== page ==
Young professionals planning their finances and building a nest egg often overlook the potential challenges and costs associated with building a family.
Due to many social and cultural shifts, Millennials are having children later in life, a Pew research study indicates, and those who delay childbearing often require the use of assisted reproductive services. These services can be surprisingly expensive. Thus, the need for having access to, and understanding how to best use, a family-building benefit has never been greater.
Because Millennials are having children later in life, it has become more common for employers or insurance companies to offer some type of fertility or family-building benefit. However, the out-of-pocket costs can still take quite a toll on the finances of the individual. While some employers partner with family-building benefit management companies to improve outcomes and help maximize employee benefit dollars, individuals are still ultimately responsible for their own financial and family planning.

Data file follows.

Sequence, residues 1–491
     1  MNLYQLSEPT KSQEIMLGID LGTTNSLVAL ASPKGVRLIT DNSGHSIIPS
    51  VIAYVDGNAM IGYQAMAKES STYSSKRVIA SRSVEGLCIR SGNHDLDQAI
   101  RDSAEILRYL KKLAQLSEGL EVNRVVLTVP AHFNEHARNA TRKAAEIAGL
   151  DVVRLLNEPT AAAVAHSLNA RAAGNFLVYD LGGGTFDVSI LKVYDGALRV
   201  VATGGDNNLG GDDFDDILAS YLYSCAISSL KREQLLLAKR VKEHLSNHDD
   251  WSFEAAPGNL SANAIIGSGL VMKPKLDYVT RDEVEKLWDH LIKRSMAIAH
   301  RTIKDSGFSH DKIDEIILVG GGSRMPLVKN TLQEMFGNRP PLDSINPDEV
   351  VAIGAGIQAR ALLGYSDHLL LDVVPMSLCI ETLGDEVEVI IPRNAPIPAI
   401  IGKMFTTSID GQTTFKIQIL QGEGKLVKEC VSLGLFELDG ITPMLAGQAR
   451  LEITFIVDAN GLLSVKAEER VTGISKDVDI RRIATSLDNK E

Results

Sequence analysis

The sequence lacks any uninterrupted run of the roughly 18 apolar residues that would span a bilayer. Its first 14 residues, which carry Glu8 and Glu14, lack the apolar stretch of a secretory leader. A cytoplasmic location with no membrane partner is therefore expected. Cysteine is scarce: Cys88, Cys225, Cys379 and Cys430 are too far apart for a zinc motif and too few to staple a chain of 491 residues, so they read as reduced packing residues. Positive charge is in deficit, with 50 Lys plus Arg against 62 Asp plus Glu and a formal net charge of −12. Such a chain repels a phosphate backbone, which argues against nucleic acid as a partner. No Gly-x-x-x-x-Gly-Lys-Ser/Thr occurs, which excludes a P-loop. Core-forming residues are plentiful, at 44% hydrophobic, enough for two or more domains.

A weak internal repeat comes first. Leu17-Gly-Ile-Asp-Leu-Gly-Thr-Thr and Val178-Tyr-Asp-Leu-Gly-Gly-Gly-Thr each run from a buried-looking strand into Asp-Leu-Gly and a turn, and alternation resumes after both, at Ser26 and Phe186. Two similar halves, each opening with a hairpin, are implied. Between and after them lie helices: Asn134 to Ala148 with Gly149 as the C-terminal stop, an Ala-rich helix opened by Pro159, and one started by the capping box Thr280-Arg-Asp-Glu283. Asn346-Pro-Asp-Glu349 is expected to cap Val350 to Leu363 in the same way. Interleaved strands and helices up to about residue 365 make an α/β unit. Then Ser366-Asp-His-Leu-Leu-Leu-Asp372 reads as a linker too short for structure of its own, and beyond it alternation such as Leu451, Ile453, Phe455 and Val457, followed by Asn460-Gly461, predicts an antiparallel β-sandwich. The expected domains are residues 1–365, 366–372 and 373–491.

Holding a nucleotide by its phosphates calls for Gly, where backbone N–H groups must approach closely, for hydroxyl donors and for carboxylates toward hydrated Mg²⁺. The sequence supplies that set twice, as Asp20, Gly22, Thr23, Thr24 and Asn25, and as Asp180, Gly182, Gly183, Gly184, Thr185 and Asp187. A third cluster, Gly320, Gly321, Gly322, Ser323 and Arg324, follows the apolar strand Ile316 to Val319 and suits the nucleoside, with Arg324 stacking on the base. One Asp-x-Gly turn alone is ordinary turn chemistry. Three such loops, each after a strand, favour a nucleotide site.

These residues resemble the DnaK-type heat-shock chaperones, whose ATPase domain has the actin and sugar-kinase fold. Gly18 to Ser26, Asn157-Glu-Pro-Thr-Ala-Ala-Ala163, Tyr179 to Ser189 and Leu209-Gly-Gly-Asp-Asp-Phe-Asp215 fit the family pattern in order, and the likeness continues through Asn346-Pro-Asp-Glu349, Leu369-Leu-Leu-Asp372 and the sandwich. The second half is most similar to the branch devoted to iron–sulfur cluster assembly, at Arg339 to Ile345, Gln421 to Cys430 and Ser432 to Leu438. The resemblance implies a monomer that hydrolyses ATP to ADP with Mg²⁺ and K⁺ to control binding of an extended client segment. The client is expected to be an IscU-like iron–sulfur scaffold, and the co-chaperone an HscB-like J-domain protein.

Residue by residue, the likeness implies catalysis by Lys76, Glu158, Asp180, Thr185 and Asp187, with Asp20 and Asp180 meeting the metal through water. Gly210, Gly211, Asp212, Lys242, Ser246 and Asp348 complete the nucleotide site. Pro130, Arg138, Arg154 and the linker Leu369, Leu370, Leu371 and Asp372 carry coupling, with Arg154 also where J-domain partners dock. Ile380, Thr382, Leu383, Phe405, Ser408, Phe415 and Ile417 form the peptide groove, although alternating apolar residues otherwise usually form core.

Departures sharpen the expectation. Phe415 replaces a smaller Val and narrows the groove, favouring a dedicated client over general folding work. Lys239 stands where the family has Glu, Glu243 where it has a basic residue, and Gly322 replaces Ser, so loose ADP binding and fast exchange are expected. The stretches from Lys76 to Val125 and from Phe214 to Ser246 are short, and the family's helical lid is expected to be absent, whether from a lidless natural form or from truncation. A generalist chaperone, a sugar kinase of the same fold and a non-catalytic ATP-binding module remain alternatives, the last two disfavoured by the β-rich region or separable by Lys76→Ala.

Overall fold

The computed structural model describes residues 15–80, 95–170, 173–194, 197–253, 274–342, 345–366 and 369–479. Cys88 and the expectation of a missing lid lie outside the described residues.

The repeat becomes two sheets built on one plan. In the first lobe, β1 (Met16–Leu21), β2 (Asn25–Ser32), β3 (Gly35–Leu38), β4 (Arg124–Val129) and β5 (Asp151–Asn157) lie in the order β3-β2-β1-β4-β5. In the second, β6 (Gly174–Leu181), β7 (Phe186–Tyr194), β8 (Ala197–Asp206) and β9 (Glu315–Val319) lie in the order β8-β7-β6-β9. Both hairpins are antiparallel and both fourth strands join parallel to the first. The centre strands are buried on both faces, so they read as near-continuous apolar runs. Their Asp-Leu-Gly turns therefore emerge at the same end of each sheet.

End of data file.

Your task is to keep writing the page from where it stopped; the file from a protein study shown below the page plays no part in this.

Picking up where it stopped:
Here are three considerations for your clients who are planning their financial future, and their future family.
1. The Costs
In Vitro Fertilization (IVF)
If individuals have access to a fertility benefit, it is important for them to fully understand the benefit maximums, what the benefit dollars can be used for and their financial obligations once the benefit runs out. IVF treatment can cost anywhere from $12,000 to $30,000, depending on the location of treatment, medications used, and testing required. My wife and I went through several rounds of IVF treatment to build our family. We paid more than $127,000 out-of-pocket, and that was over 20 years ago. Even with an employer sponsored benefit, the costs of infertility treatments can certainly take a toll on an individual’s financial situation.
Egg and Sperm Freezing
Individuals in the prime of their career are increasingly focused on preserving their fertility as a means to postpone family-building for later in life. Some family-building benefits include solutions for egg and sperm freezing. On top of the cycle cost that comes with egg retrieval, there is an additional cost for storage that may not be covered by the benefit. Out-of-pocket, egg freezing can cost up to $10,000, and storage can run as high as $500 per year. Similarly, freezing and storing sperm comes with a cost. Depending on the number of specimens banked and the charges for testing, sperm collection is usually just under $1,000 and storage can vary anywhere from $100 a year to $500 per year. If these costs are not covered by an employer benefit, the cost will be the responsibility of the individual. However, many people feel that the rewards far outweigh the financial burden, as fertility preservation done at a younger age typically results in better outcomes in the future.